Update (Jan 6, 2014)  Thanks to your support we have raised over $3000 for a CuddleCot for the Stollery Network. We have now updated to a stretch goal of $6000 for an additional Cot at another local hospital. Even if we do not reach that goal, the money will be pooled with other families to ensure that the goal is reached city wide.

Thank you so much for your continued support

You know how people sometimes share pictures from the early 1900s of families with their deceased family members. You know how you thought it was sorta creepy? Well, Jenelle and I have entered into this creepy world, and… I don’t regret it.

I had stumbled upon the CuddleCot while reading about situations like ours online. I also learned that the Royal Alex was the first hospital in North America that had ordered one for their families. The CuddleCot is a ~$3000 machine that cools a baby’s temperature in order to retard the body from deteriorating.

The harsh truth is that bodies decompose after death. A small body, like a baby’s, will show signs of break-down within hours of their passing.

Without the CuddleCot, Jenelle and I would have said our last goodbye to Lera within an hour or so of her passing. And, needless to say, after all the drugs, stress, and grief that Jenelle (and I) experienced during her delivery, we were not in a great state to correctly process and say goodbye to our little girl at that time.

Jenelle often says that, because of the CuddleCot, “I didn’t have to say hello and good-bye to my daughter in the same breath”

On Saturday night, after everyone had left the hospital, Jenelle and I spent some time together before we fell asleep. She felt so sad, and yet felt numb to her grief. She kept complaining that she couldn’t cry; and she blamed the medications they had given her to remain calm. We talked through the events of the day a couple times, in order to cement it into our memories, and then went to sleep.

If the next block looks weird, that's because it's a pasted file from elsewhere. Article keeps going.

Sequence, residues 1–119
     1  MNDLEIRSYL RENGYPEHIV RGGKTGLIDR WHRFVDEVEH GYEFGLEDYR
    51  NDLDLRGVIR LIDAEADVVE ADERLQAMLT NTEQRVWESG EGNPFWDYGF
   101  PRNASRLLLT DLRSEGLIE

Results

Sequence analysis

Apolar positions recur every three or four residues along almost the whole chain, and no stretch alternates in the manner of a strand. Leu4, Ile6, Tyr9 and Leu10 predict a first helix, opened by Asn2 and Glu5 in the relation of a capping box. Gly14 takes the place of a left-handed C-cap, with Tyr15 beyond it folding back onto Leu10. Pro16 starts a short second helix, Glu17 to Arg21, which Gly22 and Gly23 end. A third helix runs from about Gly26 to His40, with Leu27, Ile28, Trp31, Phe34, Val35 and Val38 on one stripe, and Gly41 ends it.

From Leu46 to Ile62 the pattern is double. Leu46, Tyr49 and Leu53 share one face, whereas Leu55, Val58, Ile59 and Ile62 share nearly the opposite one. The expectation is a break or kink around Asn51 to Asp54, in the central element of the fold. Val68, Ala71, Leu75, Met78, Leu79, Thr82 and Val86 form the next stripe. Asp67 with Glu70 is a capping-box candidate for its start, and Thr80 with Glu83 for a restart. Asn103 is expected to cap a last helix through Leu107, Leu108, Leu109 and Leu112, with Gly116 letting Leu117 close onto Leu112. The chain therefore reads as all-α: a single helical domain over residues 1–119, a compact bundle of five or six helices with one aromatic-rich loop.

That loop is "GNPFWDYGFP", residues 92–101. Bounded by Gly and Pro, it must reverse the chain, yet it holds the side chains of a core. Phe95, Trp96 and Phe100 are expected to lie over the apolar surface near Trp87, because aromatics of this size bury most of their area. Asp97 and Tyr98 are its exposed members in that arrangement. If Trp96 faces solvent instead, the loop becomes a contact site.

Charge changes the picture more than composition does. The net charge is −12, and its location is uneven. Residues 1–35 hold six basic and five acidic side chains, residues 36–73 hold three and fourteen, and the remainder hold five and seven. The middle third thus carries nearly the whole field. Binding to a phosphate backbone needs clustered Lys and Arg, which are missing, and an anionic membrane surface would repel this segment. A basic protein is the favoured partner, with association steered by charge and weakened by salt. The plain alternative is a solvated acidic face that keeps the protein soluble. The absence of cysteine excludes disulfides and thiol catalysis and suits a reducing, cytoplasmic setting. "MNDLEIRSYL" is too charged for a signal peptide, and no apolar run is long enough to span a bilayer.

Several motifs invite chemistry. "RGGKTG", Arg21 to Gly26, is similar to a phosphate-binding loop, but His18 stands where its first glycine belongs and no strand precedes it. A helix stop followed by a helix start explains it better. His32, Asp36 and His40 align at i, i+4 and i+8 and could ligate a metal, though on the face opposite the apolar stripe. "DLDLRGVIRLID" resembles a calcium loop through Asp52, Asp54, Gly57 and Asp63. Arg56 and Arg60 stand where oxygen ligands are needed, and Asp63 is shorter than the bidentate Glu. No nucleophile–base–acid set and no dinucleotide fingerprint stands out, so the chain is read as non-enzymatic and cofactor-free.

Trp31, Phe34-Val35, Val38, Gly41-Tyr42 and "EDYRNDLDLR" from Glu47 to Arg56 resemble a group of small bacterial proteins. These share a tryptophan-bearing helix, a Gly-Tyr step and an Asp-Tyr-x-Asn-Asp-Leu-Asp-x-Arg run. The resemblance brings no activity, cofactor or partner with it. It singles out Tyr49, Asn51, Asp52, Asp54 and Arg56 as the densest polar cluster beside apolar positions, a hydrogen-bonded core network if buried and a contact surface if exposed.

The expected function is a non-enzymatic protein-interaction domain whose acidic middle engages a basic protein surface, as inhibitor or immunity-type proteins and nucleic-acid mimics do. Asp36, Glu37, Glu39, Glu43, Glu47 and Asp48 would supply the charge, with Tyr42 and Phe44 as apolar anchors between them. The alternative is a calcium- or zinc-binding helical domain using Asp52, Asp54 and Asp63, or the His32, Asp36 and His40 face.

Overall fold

For the next 3 days, Lera remained in the room with us. The CuddleCot cooled her body’s temperature to around 10°C in order to keep her as stable as possible. 

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Jenelle started her recovery from the section, and we were able to take hand and foot mouldings/handprints, clip some hair, and capture a few more photos of Lera.

Finally, on Tuesday afternoon, I packed our room (we had accumulated a lot of stuff over 8 days) and put it into the car. Once the room was empty, we said our final goodbyes to Lera’s body. Jenelle was 100% clear headed this time around. We cried over her, prayed one last time, memorized her face, the feel of her skin, & the look of her button nose, and poured our love over her. 

We held her, and kissed her. 

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Then we let them take her away. 

Her body was cremated by Park Memorial a couple days later. Park Memorial, in association with city hospitals, waived all of the fees we would normally have to pay for a cremation. (Thank you again)

Is everything perfect because we got those extra three days with Lera’s body? 

No. The other day Jenelle realized she never kissed Lera’s fingers or toes. It is silly, all things considered, but she regrets it. We will probably have many more little regrets as we mourn the life we lost with our little girl.

However we did get to have so much more closure than we would have had without it.

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*CuddleCot is a trademark of Flexmort